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Justified
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Discussion Starter · #1 ·
Years ago, I tied up a few bee patterns, but have yet to tie one on. Mine look more like a bumblebee, but that's neither here nor there...

Anyway, I was just wondering if anyone here has ever fished one of these with success?

Thanks
 

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Triploid, Humpy & Seaplane Hater....Know Grizzler
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I've caught a few on bee patterns, but like you haven't put much effort into fishing them.
I tied some up after a trip to the Yakima that took place many years ago.
It was fall and I noticed some bees floating downstream earlier in the day. They looked like Yellowjackets to me, with yellow and black barred bodies. Perhaps they were dying due to the first freezing of the season.
Late in the afternoon, I fished a slow moving section. I saw a nice fish rise right in front of me. It rose again and I was able to see it take a bee. Another nice fish was rising upstream from the first fish. There were no other visible hatches so I assume it was rising to bees as well.
Of course I had no bee patterns with me.....
SF
 

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While in Jr. High School one hot dry summer it seemed that nearly every major log jam on the South Fork Snoqualmie had a hornet nest hang from a limb. My imagination was captured by a McGinity fly and I consistently tied it on for a cast or two below each nest and was rewarded far more frequently than my fledging fly skills would suggest. Don't know whether the cutthroat were "bee eaters" or not but the Mc Ginity was my first serious effort to match the hatch.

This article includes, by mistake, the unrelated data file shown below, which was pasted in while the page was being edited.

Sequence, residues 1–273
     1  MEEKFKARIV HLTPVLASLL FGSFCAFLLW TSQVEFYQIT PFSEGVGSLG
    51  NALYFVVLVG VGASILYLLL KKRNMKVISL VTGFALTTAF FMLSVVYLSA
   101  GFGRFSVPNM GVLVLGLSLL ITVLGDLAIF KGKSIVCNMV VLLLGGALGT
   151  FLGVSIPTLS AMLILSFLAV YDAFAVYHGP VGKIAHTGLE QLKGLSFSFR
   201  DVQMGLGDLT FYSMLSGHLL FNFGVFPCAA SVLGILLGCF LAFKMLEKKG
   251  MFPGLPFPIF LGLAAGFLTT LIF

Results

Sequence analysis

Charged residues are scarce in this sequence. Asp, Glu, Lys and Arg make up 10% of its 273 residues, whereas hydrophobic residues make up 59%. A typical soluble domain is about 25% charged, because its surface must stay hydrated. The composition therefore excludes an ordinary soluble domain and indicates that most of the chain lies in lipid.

Of course that success lead me to an every increasing fly collect just to cover potential "hatches". As a result not sure that the McGinity was good thing or not but I do look back on that summer as a time that my fly fishing took a major step forward.

Curt
 

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A bee pattern isn't something I think about - but then I mostly (mostly) fish still waters. But Curt's story does take me back to my high school days; I'd helped my dad "log the crick bottom" on our property for the families winter wood supply and was rewarded with a cane rod (combo spin/fly) Perrine automatic and a fly tying kit and half dozen flies. One was a bee and I don't remember any paper nests hanging over McDonald Creek so can't say I had the epiphany that Curt relates. I spent most of my time with a fly in the alders, cedars, nettles, well, pretty much anywhere except on the water till I got to the mouth.
 

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Just an Old Man
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The Bee is a good fly. I used to use it a lot on small skinny waters. I actually caught fish with it. And now I don't even have one in my fly box. I should remedy that soon.
 

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Now hanging at the other, better new place
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This has been a favorite searching fly for me for a long time at my favorite cutthroat lake. I knew the pattern as a Hari Kari, also their is a variation called the Hari Kari bucktail with the addition of a brown hair wing.